Zero Cottage — a net-zero energy project pursuing Living Building Challenge, LEED Platinum, Green Point Rated, and Passive House certifications — is finishing nicely. Part of the exterior has a handsome rainscreen of vertical cedar battens and salvaged maple flooring. The maple strips were charred with a roofing torch shou sugi ban-, or yakisugi-, style for longevity and aesthetics. The result is a clean and modern look.
This 1,200 square-foot home was built with six used shipping containers in Felton, California. Designed by Modulus, the home was the subject of a 2012 Citation Award from the Santa Clara Valley chapter of the AIA. The architect camped on the site to study light and other characteristics, according to Dwell, and designed the layout to reduce construction grading. The containers were left exposed but painted, and the walls were covered with drywall for a clean interior look. Inside, an atrium was used for light and to radiate heat throughout the home.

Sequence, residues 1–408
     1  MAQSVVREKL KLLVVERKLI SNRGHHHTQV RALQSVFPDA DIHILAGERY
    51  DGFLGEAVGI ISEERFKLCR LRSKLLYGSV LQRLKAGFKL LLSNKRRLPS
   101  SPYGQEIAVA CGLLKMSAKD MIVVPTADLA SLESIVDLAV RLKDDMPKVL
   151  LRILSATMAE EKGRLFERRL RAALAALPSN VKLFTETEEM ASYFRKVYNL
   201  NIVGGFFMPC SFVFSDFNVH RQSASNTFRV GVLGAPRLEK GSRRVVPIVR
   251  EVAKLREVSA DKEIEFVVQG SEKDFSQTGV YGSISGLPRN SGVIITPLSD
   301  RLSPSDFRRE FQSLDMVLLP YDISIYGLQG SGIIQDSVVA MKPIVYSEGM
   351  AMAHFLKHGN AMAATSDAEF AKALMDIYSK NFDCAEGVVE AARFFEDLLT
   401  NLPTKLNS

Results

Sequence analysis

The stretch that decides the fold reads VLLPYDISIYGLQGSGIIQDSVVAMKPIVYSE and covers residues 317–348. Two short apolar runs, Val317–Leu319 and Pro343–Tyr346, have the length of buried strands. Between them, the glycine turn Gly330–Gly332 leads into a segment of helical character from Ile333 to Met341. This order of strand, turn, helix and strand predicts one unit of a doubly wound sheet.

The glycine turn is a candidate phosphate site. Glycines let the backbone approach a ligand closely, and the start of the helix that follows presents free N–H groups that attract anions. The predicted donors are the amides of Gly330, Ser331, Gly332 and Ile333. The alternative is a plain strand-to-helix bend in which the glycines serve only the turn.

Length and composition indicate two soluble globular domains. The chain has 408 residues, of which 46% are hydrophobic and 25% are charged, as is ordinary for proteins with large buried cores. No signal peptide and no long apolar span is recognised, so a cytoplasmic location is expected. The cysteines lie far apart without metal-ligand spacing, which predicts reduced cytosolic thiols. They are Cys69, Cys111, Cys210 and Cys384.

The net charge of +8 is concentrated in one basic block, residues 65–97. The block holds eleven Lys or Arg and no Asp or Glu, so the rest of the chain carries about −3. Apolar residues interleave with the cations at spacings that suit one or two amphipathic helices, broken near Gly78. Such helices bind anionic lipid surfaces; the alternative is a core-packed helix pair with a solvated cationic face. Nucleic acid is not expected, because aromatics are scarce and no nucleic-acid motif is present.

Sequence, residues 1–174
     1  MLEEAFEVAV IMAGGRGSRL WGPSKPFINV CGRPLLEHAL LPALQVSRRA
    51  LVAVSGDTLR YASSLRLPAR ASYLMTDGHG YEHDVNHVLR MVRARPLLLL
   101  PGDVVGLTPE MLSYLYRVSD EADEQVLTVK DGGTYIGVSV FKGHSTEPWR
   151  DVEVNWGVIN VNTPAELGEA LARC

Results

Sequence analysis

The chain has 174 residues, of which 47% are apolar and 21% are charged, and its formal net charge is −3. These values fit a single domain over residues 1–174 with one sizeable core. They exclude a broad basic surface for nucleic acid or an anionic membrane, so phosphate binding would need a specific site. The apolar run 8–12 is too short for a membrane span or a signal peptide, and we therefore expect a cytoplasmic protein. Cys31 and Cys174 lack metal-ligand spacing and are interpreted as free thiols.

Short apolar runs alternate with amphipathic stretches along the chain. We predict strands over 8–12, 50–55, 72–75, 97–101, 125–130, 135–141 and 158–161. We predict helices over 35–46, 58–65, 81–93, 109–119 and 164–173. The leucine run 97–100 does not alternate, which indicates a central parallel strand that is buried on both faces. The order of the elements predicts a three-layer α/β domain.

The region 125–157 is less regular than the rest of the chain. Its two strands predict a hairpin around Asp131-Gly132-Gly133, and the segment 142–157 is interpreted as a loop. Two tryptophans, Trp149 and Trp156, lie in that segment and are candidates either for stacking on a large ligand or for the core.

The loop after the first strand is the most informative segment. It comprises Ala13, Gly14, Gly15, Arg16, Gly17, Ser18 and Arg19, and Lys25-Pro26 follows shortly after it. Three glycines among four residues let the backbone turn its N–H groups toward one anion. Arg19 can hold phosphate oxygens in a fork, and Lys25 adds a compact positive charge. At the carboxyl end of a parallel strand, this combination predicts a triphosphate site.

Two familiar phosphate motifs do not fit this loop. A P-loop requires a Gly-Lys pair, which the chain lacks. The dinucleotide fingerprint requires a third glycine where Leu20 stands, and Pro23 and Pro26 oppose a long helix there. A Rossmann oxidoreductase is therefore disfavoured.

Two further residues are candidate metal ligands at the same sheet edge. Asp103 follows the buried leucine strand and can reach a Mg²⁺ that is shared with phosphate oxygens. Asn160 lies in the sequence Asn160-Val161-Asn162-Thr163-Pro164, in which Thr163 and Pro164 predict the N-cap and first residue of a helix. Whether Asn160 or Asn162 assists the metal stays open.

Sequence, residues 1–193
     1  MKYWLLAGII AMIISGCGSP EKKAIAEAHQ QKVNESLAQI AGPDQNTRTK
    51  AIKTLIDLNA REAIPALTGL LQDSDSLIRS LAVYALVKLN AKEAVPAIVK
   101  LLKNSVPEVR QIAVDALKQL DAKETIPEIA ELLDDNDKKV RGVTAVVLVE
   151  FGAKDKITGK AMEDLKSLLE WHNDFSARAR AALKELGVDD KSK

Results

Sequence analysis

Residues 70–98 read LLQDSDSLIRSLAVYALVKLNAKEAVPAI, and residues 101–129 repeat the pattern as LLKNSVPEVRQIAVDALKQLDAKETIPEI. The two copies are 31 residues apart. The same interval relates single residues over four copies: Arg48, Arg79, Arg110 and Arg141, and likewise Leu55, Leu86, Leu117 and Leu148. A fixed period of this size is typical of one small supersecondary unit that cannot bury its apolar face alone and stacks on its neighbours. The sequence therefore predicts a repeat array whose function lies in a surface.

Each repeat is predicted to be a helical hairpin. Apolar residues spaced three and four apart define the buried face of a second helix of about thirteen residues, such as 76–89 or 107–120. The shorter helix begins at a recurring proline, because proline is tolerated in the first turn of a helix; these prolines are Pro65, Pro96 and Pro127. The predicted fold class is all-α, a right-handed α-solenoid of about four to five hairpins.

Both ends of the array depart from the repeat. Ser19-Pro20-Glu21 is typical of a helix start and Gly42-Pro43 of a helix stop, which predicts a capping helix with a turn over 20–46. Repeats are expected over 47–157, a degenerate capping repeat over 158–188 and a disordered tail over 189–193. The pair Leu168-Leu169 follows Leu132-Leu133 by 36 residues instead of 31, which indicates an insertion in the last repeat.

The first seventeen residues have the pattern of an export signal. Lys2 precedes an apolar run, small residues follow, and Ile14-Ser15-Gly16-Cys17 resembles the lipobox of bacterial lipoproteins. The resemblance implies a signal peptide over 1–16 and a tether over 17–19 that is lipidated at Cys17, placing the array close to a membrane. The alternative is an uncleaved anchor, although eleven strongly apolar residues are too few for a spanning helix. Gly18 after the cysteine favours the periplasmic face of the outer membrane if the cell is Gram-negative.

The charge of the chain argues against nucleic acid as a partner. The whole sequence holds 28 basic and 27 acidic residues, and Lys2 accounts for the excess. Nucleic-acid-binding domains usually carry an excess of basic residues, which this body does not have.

Little House on the Trailer is a Petaluma-based company that provides affordable, energy-efficient, and “substantially constructed” houses for today’s mobile home buyers. For example, the company currently has a “Barn Siding Studio” available for immediate delivery for $24,000. The 200 square-foot studio was built on wheels and finished with reclaimed redwood planks. Marin County treats the structure as a shed, according to Little House on the Trailer, but it can be used as an office, backyard retreat, etc.